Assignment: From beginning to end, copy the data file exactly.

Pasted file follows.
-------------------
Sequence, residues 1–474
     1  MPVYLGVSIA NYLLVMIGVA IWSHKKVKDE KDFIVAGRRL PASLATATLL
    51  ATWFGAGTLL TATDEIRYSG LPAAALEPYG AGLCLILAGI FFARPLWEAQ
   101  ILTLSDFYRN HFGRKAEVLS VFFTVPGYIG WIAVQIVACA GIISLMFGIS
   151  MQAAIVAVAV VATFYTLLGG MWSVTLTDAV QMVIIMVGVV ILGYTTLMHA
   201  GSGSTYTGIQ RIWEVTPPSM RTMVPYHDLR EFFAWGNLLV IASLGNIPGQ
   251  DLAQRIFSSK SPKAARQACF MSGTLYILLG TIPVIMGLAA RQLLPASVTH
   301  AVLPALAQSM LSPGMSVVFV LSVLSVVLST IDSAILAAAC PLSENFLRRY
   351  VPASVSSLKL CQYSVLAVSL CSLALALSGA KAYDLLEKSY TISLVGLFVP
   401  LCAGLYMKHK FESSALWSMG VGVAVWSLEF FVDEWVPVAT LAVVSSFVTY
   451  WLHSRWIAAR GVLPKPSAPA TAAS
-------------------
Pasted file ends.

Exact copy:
Sequence, residues 1–474
     1  MPVYLGVSIA NYLLVMIGVA IWSHKKVKDE KDFIVAGRRL PASLATATLL
    51  ATWFGAGTLL TATDEIRYSG LPAAALEPYG AGLCLILAGI FFARPLWEAQ
   101  ILTLSDFYRN HFGRKAEVLS VFFTVPGYIG WIAVQIVACA GIISLMFGIS
   151  MQAAIVAVAV VATFYTLLGG MWSVTLTDAV QMVIIMVGVV ILGYTTLMHA
   201  GSGSTYTGIQ RIWEVTPPSM RTMVPYHDLR EFFAWGNLLV IASLGNIPGQ
   251  DLAQRIFSSK SPKAARQACF MSGTLYILLG TIPVIMGLAA RQLLPASVTH
   301  AVLPALAQSM LSPGMSVVFV LSVLSVVLST IDSAILAAAC PLSENFLRRY
   351  VPASVSSLKL CQYSVLAVSL CSLALALSGA KAYDLLEKSY TISLVGLFVP
   401  LCAGLYMKHK FESSALWSMG VGVAVWSLEF FVDEWVPVAT LAVVSSFVTY
   451  WLHSRWIAAR GVLPKPSAPA TAAS